AfriGeneas States Research Forum
[MO] A name for the nameless
Down a steep grassy hill and to your left, after you pass through the front gate of the Laurel Hill Cemetery in Weston, Mo., sits the “colored section.” There is no sign that says as much. Just a few scattered markers, some no larger than a cement brick. Some have names hand-scribbled in crumbling concrete. Others are just marked “Negro child” or “Negro woman of Mrs. Catherine Harris.”
Many have no stones or markers. Forgotten under unmarked patches of grass that lie in the shadows of contorted oaks and maples beneath a postcard view of the city.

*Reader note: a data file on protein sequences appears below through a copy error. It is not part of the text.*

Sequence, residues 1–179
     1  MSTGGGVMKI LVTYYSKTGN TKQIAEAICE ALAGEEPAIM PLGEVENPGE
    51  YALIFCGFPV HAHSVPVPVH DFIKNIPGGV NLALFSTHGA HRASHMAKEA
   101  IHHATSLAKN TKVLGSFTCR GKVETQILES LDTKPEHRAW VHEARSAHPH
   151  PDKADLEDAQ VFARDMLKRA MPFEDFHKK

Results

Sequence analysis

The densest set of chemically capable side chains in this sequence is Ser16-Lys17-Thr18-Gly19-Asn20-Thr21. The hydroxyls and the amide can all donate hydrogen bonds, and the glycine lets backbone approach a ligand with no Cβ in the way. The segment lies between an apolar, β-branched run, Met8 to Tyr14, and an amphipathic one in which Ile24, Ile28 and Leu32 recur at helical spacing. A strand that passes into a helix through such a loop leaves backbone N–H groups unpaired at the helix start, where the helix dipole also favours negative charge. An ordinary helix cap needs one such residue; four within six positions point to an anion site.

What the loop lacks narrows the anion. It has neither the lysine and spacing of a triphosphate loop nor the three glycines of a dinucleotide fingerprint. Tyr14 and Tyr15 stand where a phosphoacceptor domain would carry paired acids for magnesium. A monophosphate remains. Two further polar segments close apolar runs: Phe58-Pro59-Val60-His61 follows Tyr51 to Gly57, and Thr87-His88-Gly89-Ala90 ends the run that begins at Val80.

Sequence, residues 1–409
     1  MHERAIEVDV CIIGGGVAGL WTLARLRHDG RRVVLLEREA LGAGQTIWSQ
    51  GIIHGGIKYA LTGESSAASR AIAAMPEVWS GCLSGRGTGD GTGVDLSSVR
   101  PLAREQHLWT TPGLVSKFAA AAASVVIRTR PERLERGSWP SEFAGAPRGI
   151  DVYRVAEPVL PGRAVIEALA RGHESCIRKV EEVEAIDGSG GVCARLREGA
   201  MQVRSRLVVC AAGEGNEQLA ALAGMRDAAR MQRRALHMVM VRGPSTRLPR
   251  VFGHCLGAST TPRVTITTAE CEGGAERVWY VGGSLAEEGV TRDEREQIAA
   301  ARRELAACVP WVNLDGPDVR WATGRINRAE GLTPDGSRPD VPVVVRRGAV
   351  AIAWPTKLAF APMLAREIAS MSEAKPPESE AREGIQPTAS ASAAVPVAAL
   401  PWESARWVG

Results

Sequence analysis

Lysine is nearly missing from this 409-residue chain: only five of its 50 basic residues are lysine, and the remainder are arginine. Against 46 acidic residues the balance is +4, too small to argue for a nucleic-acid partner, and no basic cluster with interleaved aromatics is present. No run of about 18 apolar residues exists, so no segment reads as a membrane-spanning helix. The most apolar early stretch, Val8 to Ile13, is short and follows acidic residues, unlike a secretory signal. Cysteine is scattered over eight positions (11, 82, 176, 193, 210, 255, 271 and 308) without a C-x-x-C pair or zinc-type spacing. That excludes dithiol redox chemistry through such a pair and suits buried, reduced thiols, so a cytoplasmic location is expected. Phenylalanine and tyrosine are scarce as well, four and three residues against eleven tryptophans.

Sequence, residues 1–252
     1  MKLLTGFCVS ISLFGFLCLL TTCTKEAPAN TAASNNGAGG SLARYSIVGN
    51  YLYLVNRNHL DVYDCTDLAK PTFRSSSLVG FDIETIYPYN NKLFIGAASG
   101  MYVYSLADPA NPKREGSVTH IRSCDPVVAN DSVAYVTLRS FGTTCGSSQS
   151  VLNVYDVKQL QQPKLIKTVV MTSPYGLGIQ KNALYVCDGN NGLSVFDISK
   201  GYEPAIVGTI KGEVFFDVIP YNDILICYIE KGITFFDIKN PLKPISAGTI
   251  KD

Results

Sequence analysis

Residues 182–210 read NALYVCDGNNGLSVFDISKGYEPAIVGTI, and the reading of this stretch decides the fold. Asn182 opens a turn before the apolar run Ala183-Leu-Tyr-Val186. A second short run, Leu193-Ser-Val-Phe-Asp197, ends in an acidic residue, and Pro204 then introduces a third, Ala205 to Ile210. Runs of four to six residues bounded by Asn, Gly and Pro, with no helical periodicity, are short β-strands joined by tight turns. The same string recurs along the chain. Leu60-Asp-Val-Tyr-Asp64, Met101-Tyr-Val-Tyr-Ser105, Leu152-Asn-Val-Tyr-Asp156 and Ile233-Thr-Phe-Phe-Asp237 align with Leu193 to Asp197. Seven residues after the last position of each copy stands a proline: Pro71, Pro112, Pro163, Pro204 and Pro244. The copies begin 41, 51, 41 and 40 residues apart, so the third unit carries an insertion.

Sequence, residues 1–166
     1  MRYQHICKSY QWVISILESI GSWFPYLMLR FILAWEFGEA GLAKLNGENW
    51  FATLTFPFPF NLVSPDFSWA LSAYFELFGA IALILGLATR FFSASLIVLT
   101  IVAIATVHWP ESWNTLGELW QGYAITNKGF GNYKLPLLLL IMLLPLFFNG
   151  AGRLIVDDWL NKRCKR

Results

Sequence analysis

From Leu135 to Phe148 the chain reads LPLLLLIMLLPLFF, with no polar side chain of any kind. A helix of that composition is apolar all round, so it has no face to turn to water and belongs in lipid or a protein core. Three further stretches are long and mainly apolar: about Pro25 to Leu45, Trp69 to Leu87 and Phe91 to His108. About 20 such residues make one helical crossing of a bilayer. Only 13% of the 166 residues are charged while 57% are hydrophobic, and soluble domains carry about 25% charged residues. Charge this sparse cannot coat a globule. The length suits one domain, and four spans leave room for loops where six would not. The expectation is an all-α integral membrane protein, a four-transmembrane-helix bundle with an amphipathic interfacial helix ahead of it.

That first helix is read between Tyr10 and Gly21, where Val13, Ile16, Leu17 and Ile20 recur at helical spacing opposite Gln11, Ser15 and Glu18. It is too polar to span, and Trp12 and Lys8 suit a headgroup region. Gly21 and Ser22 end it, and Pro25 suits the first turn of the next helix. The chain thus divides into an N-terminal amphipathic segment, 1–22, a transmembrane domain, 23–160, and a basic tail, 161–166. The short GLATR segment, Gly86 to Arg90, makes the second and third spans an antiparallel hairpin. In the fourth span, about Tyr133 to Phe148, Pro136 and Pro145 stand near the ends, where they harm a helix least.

Even as a young girl this part of the cemetery bothered Carolyn Larsen. She always wondered why there were so few stones there when at one time there were as many as 3,000 blacks living in Weston.
“I thought, ‘Where did all these people go?’” Mrs. Larsen said while I visited with her at the Weston Historical Museum last week. “I said, ‘I’m going to find out.’”
And she did. For 20 years. Mrs. Larsen dug through hundreds of years of court records, birth certificates, death notices and yellowed Weston Chronicle newspaper articles to try and put a name and a face to those forgotten people. She had enough material for a book.